Category Archives: tech news
A few weeks ago, Google announced that they will eventually be migrating your Google Drive subscription to the Google Play Store billing system, but didn’t exactly give a timetable as to when this will happen. But now it looks like it has already started as some users are reporting that they’re seeing the change in the system. While this change isn’t really a big deal, it does help to streamline all your subscriptions into just one place, if you’ve always wanted that to happen.
It actually makes perfect sense for Google to do this since the Google Storage page is only for the shared storage subscription. But all your other subscriptions to any games or apps are billed through your Google Play Store account. You will continue to be able to get customer support through the help center and the subscription prices and tiers remain the same. It also won’t change any access to files or basically anything, except for where you will be billed and where you can manage this subscription.
Google sent the email a couple of weeks ago to those who have a Google Drive subscription. In it they also state that the management of the subscription will be governed by the Google Play Terms of Service. But the Google Drive Terms of Service will remain the same and you don’t need to do anything or accept anything while this change happens.
So if you’re excited to have all your billings under just one digital roof, you can check your Google Play account page and see if that change has already rolled out to you.
“Less than 0.1% of email in the average Gmail inbox is spam, and the amount of wanted mail landing in the spam folder is even lower, at under 0.05%,” Sri Harsha Somanchi, product manager, said in a Google blog post.
“Even still, Gmail spam detection isn’t perfect. So we’re sharing some of the new ways we are supporting the senders of wanted mail, and using the latest Google smarts to filter out spam,” Somanchi further stated.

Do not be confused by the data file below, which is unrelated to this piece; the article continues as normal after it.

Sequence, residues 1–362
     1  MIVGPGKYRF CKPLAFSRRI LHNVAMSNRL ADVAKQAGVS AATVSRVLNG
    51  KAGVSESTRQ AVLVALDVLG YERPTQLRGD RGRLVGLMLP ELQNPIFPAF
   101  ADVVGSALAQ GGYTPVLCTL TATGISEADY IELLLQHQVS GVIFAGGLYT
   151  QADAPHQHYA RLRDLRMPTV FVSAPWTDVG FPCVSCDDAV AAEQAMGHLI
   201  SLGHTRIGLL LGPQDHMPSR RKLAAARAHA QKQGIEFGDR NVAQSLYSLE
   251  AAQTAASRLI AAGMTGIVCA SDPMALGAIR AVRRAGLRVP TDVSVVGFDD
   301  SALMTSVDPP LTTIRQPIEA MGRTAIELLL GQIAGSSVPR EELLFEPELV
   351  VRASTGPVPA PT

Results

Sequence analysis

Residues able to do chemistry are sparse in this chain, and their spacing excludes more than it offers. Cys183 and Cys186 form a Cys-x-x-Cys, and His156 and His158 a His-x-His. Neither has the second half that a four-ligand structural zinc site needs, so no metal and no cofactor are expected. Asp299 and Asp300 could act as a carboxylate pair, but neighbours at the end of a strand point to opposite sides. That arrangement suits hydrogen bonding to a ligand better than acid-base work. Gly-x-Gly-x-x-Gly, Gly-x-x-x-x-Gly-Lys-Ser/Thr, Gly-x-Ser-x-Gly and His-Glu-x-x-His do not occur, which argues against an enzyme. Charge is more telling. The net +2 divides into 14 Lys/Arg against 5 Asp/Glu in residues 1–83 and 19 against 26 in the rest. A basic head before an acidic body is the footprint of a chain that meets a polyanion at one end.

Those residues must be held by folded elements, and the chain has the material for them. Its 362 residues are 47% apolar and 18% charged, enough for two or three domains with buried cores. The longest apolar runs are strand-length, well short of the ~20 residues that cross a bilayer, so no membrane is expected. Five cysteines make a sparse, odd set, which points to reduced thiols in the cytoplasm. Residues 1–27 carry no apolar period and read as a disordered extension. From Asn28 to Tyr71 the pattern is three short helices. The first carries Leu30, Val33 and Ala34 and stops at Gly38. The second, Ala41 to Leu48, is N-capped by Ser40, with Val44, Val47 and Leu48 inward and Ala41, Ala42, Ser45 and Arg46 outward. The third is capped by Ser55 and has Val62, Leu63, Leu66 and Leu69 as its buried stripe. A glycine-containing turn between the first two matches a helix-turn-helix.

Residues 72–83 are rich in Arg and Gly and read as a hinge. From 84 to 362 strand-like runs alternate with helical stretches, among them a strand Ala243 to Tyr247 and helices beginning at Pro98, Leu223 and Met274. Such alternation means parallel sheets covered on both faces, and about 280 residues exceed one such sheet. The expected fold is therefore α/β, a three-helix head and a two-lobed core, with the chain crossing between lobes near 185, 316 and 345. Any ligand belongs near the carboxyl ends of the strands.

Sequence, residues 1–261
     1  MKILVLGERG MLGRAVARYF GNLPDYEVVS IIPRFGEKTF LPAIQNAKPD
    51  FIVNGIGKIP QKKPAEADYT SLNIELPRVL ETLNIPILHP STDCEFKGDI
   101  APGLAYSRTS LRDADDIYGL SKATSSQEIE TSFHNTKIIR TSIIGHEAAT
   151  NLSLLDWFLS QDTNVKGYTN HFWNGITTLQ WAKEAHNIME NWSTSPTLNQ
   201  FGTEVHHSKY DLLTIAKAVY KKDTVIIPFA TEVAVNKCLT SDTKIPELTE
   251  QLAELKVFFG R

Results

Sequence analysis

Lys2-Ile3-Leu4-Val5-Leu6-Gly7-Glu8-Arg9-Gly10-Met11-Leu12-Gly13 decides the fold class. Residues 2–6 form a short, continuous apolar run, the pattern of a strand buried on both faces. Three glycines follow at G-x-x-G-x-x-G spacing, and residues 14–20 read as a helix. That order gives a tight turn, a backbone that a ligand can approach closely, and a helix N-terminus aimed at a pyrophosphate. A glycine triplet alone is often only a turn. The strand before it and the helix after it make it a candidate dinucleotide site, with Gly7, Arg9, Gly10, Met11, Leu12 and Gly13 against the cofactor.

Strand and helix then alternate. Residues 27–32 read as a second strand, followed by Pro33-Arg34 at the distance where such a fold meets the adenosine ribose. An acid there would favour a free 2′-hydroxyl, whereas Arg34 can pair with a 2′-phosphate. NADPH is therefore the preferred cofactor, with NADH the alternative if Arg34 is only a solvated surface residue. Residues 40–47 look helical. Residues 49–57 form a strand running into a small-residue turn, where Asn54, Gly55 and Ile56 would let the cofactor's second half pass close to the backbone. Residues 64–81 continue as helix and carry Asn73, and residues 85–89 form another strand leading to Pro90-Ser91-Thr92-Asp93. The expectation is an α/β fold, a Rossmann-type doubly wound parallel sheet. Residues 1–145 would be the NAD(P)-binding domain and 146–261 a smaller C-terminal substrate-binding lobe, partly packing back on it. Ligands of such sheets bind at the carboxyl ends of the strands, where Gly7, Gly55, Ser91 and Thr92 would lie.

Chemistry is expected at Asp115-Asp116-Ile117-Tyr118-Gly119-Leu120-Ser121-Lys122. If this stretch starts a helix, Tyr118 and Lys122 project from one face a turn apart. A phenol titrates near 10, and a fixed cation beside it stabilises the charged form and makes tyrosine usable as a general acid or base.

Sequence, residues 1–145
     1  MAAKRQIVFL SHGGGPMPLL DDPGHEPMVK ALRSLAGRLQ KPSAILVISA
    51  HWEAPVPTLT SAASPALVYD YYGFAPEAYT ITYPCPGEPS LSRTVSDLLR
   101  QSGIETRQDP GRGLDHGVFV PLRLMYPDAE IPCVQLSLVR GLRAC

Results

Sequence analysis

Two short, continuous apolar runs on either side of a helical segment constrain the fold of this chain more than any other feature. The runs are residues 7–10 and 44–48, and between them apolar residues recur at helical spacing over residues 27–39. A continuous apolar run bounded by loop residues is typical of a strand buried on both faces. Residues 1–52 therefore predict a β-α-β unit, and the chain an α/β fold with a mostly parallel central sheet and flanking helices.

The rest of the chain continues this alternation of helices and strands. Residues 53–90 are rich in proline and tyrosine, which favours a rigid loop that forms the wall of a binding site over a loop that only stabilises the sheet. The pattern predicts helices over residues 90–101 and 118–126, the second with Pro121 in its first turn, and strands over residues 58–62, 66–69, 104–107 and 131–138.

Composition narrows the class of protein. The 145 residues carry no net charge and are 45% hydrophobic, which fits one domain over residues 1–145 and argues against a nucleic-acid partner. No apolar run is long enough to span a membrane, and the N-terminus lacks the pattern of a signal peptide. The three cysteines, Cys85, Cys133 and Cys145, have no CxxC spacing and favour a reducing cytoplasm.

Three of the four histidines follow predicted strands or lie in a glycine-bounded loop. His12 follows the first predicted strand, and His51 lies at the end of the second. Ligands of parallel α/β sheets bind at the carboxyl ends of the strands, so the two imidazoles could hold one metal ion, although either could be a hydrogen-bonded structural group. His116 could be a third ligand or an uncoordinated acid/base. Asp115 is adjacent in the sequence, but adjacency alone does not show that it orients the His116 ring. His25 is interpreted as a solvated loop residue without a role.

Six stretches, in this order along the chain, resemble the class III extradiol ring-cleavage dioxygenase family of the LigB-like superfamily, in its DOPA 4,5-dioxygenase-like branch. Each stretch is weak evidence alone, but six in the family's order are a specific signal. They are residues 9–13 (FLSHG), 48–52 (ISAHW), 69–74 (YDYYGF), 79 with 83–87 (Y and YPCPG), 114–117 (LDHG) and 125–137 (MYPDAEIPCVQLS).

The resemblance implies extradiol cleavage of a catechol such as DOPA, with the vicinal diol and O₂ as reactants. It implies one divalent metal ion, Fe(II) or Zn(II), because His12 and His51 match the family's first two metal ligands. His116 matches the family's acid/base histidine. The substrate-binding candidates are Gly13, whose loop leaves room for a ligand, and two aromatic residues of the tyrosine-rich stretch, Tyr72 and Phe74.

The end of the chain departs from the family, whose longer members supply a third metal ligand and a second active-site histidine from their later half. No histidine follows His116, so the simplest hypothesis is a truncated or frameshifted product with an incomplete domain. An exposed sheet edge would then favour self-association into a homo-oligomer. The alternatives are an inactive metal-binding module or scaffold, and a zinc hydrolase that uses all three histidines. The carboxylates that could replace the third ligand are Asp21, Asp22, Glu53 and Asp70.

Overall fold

Google is launching Gmail Postmaster Tools that help qualified high-volume senders analyse their email, including data on delivery errors, spam reports, and reputation. This way they can diagnose any hiccups, study best practices, and help Gmail route their messages to the right place.
The company said the spam filter now uses an artificial neural network to detect and block the especially sneaky spam—the kind that could actually pass for wanted mail.
“We also recognise that not all inboxes are alike. So while your neighbor may love weekly email newsletters, you may loathe them. With advances in machine learning, the spam filter can now reflect these individual preferences,” the blog post reads.
“Finally, the spam filter is better than ever at rooting out email impersonation—that nasty source of most phishing scams. Thanks to new machine learning signals, Gmail can now figure out whether a message actually came from its sender, and keep bogus email at bay.”
That little computer you carry around in your pocket is already your camera, navigation device, instant messaging machine, ride-hailing tool and phone. But it’s very possible that, in the not-so-distant future, what we now refer to as “smartphones“ will actually seem pretty dumb and paper-weighty.
As technology evolves, that mini-computer you are already way too obsessed with is bound to get even more useful. Here are three features that could be in the cell phones of tomorrow.
1. A spectrometer.
What it is: A spectrometer is a tool typically used in physical, chemical and biological research that measures properties of light to analyze an object’s chemical makeup. Until recently, spectrometers were too large to carry around, but that has changed. A company called Consumer Physics introduced a handheld spectrometer named Scio last year, and more recently, MIT announced that scientists at the university have developed a spectrometer small enough to fit inside a smartphone camera.
What it could mean for your smartphone: In a smartphone, a spectrometer could give users an easy and accurate way to detect skin conditions, track a person’s vital signs or identify environmental pollutants. It could also give users a way to find out what’s in their food or medication.
2. Crazy accurate GPS.